Thesis Thursday

For a special Friday edition of Thesis Thursday, we look at Lecture 36, when we consider the back half of…


Thesis XXII.

In the eighteenth place, the Word of God is not rightly divided when a false distinction is made between a person’s being awakened and his being converted; moreover, when a person’s inability to believe is mistaken for his not being permitted to believe.

The so-called Pietists of former times and the preachers of the fanatical sects in our time not only made a false distinction between awakening and conversion and refused to regard those who were awakened as Christians, but they also mistook the inability to believe for not being permitted to believe.

When the Pietists had brought a person to the point where he considered himself a poor, miserable sinner, unable to help himself, and asked his minister what he must now do, the minister did not, like the apostles, answer him: “Believe on the Lord Jesus Christ, and thou shalt be saved,” but, as a rule, they told him the very opposite. They warned him against believing too soon and against thinking that, after having felt the effects of the Law, he might proceed to believe that his sins had been forgiven. They told him that his contrition must become more perfect, that he must feel contrite, not so much because his sins would call down upon him God’s anger and hurl him into perdition, but because he loved God. Unless he could say that he felt sorry for having angered his merciful Father in heaven, his contrition was declared null and void. He was told that he must feel that God was beginning to be merciful to him; he must get so far that he could hear an inner voice telling him: “Be of good cheer; thy will be forgiven thee; God will be merciful to thee.” He must continue struggling until his agony was over, and having rid himself of the love of sin and having been thoroughly converted, he might begin to take comfort.

Now, this is an awful method. The truth is, we are not to be converted first and after that believe; we are not to have a sensation first that we are in possession of grace; but without any feeling we are first to believe that we have received mercy, and after that will come the feeling of mercy, which God apportions to each according to His grace. Some person are without feeling of grace for along time. They behold nothing but darkness about them; they feel the hardness of their hearts and the powerful stirring and raging of evil, sinful lust within them.. Accordingly, to point a person to the way of salvation, it is not the proper procedure to tell him that, even when he feels himself a poor, lost sinner, he may not yet believe himself saved.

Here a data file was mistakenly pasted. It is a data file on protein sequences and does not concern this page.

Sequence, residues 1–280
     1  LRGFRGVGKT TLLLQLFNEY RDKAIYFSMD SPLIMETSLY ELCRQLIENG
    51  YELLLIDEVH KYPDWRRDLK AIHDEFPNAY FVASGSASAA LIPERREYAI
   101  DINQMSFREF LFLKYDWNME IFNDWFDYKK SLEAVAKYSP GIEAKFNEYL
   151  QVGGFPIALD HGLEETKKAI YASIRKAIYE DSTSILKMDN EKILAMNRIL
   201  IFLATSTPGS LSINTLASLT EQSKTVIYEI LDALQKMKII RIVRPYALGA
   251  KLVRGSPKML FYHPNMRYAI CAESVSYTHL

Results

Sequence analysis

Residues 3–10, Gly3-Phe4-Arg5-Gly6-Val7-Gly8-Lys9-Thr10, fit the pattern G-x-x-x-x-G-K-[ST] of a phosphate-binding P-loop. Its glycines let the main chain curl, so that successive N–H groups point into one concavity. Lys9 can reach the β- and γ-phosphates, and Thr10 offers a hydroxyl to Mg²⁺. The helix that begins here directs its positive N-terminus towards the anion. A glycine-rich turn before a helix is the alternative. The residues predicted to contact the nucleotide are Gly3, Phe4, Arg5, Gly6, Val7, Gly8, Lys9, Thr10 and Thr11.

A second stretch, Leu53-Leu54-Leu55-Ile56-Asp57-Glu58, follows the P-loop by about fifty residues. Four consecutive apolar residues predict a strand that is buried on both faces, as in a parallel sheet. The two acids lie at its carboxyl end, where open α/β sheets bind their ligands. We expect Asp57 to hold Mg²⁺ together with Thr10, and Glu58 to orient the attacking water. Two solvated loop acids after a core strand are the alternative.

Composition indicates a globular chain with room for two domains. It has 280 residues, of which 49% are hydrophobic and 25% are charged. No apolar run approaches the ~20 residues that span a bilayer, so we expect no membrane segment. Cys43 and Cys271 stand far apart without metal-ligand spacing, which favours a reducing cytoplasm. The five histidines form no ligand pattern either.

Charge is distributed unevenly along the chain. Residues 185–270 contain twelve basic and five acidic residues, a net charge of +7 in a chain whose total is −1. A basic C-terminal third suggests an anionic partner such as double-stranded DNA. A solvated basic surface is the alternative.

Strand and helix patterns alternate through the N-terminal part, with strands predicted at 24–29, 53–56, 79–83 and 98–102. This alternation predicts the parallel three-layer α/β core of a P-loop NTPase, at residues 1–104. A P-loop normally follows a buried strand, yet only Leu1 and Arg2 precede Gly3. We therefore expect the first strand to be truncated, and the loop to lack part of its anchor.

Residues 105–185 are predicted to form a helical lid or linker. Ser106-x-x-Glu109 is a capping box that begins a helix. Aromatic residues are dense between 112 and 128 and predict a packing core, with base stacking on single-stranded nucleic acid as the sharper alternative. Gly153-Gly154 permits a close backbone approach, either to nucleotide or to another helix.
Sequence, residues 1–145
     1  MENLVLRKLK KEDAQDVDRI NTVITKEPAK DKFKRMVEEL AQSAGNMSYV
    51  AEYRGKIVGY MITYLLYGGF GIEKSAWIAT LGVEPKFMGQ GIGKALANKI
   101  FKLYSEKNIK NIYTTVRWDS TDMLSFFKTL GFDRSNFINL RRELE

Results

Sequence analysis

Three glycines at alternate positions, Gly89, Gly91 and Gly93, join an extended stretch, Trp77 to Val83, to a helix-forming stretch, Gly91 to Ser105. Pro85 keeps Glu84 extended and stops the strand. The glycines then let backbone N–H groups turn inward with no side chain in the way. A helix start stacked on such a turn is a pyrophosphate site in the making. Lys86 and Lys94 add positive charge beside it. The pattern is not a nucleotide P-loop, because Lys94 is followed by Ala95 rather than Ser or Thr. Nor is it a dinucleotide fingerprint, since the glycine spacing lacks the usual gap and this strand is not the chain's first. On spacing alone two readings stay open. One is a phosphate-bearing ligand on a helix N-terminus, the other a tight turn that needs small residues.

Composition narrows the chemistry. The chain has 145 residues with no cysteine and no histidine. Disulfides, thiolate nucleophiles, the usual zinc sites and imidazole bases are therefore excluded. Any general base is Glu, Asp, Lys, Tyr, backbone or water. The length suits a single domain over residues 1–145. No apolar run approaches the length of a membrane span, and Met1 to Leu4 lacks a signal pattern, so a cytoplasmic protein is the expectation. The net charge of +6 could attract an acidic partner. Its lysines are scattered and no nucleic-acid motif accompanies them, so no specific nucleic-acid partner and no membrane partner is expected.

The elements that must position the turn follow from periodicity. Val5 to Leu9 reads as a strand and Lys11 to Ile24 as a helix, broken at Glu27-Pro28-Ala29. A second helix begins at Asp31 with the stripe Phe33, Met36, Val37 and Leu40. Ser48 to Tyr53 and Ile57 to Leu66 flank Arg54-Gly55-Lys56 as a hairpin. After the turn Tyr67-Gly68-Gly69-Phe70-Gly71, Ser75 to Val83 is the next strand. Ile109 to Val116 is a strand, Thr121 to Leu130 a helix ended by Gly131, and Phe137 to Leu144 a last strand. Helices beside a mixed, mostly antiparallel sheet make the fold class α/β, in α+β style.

True, no man can produce faith in himself; God must do that. A person may be in such a condition that he cannot believer, and God is not willing to bestow faith on him. A person who still considers himself sound and righteous cannot believe. “The full soul loatheth an honeycomb.” Prov 27, 7. A soul spiritually sated and surfeited tramples on the honeycomb of evangelical consolation.

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4 Responses to Thesis Thursday

  1. RubeRad says:

    My 200th “leavings” in the Outhouse, and I forgot to do it on the right day!

  2. Richard Smith says:

    RubeRad: In the eighteenth place, the Word of God is not rightly divided when a false distinction is made between a person’s being awakened and his being converted;

    RS: Perhaps there can be a false distinction, but there can also be a proper distinction. The idea is that a person is awakened to his or her sinful condition. Not all who are awakened to their sinful condition are converted.

    RubeRad: When the Pietists had brought a person to the point where he considered himself a poor, miserable sinner, unable to help himself, and asked his minister what he must now do, the minister did not, like the apostles, answer him: “Believe on the Lord Jesus Christ, and thou shalt be saved,” but, as a rule, they told him the very opposite.

    RS: II Tim 2:24 “The Lord’s bond-servant must not be quarrelsome, but be kind to all, able to teach, patient when wronged, 25 with gentleness correcting those who are in opposition, if perhaps God may grant them repentance leading to the knowledge of the truth, 26 and they may come to their senses and escape from the snare of the devil, having been held captive by him to do his will.”